Tsosie v. U.S.

Citation825 F.2d 393
Decision Date30 July 1987
Docket NumberNo. 87-1103,87-1103
PartiesVenita TSOSIE, Plaintiff-Appellee, v. The UNITED STATES, Defendant-Appellant.
CourtUnited States Courts of Appeals. United States Court of Appeals for the Federal Circuit

Kathleen P. Dewey, Dept. of Justice, Washington, D.C., argued for defendant-appellant. With her on the brief were F. Henry Habicht, II, Asst. Atty. Gen., Patricia L. Weiss and Robert L. Klarquist.

Stephen T. LeCuyer, Mettler & LeCuyer, P.C., of Albuquerque, N.M., argued for plaintiff-appellee.

Before RICH and DAVIS, Circuit Judges, and NICHOLS, Senior Circuit Judge.

NICHOLS, Senior Circuit Judge.

This case is here on an appeal, which we have permitted, seeking our review of an interlocutory order of the Claims Court denying a motion to dismiss or for summary judgment, but certifying that the order involves a controlling question of law with respect to which there is substantial ground for difference of opinion and that an immediate appeal may materially advance the ultimate termination of the litigation.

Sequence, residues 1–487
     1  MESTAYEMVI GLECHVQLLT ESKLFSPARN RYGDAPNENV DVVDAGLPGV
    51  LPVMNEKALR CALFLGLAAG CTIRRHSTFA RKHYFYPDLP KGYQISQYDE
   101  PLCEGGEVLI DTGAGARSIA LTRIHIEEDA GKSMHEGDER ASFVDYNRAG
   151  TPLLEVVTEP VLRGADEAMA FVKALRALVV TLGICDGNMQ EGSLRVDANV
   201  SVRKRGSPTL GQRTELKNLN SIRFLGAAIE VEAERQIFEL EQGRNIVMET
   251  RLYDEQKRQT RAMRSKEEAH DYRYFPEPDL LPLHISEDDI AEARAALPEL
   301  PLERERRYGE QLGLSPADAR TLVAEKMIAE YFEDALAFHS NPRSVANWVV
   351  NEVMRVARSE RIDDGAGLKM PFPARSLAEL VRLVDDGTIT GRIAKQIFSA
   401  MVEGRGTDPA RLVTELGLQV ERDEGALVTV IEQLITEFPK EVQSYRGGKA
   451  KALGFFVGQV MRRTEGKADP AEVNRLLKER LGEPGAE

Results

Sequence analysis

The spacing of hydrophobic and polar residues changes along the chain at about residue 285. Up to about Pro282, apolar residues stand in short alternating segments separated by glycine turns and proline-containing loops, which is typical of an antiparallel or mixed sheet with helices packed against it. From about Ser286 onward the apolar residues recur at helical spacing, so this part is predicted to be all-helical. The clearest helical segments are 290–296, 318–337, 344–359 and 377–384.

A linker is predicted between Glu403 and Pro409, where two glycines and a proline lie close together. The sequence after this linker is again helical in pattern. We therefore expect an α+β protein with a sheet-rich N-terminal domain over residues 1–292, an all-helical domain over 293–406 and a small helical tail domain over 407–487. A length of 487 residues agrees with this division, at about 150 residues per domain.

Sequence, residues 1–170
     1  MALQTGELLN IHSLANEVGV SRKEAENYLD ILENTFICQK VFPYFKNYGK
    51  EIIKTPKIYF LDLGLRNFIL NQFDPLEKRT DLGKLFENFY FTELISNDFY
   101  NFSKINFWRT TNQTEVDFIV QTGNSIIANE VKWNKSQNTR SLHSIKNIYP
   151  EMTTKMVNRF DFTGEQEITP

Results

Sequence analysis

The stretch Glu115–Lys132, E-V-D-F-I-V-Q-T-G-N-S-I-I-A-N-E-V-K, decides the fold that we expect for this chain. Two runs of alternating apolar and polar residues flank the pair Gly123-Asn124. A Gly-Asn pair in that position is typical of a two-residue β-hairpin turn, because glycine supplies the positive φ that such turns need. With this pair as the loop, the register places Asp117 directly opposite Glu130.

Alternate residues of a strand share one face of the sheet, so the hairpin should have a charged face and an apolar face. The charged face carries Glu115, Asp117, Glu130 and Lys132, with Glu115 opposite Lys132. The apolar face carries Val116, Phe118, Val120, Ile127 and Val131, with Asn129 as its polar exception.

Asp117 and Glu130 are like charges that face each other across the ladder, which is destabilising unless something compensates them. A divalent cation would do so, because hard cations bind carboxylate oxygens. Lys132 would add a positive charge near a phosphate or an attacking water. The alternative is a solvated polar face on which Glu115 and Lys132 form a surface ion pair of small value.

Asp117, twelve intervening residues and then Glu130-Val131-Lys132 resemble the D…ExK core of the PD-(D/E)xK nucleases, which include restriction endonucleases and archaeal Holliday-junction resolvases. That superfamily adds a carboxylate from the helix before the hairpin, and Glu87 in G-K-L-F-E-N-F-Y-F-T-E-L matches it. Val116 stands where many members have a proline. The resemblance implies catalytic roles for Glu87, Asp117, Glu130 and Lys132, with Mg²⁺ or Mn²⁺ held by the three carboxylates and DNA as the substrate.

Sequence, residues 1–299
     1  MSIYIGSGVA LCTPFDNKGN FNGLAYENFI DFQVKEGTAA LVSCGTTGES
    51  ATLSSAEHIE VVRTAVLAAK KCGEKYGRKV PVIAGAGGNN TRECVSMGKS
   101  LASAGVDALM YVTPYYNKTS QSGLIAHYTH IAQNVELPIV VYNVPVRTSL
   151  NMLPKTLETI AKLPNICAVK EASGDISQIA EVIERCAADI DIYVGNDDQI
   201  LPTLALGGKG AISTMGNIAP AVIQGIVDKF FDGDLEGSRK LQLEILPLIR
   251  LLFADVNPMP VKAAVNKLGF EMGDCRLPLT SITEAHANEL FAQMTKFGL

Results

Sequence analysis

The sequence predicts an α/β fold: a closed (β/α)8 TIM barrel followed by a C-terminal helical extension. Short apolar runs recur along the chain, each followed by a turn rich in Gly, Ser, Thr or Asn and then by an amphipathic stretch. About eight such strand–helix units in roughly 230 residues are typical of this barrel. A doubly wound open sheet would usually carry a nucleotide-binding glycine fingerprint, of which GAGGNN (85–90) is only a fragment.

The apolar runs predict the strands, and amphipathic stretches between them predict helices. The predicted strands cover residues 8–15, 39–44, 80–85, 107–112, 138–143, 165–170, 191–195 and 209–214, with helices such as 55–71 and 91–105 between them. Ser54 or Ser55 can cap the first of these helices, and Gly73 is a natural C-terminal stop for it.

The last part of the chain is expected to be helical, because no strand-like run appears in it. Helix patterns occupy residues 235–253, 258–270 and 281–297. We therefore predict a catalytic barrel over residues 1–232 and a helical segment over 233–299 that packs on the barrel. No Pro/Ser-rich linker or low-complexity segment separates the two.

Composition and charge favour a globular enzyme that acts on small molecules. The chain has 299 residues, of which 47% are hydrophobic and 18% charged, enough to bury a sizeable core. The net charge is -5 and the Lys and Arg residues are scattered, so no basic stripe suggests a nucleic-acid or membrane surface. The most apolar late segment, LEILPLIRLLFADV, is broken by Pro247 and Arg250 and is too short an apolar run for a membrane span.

Plaintiff-Appellee, a Navajo Indian, sued in the Claims Court for relief under the Article I clause of the Navajo Treaty of June 1, 1868, 15 Stat. 667, which provides that if "bad men" among the whites commit "any wrong" upon the person or property of any Navajo, the United States will reimburse the injured person for the loss sustained. The trial court, (Yock, J.), was of the opinion that this treaty provision was obsolete and has been abandoned, 11 Cl.Ct. 62 (1986), but he felt constrained to hold the contrary by certain decisions of a predecessor of this court, the Court of Claims, to be discussed below. We hold, however, that the treaty provision in question, even if infrequently invoked, has not become obsolete or been abandoned or preempted in any sense that affects its enforceability by suit in the Claims Court under the Tucker Act, 28 U.S.C. Sec. 1491. We have also reviewed other portions of Judge Yock's order holding that the treaty provision does not fail because of an absence of subsequent legislation to implement it, and that article IV of the treaty does not preclude judicial review of any administrative decision that may ensue on the claim. We agree with those portions. We affirm the order appealed from, and the case will be returned to the Claims Court for further proceedings.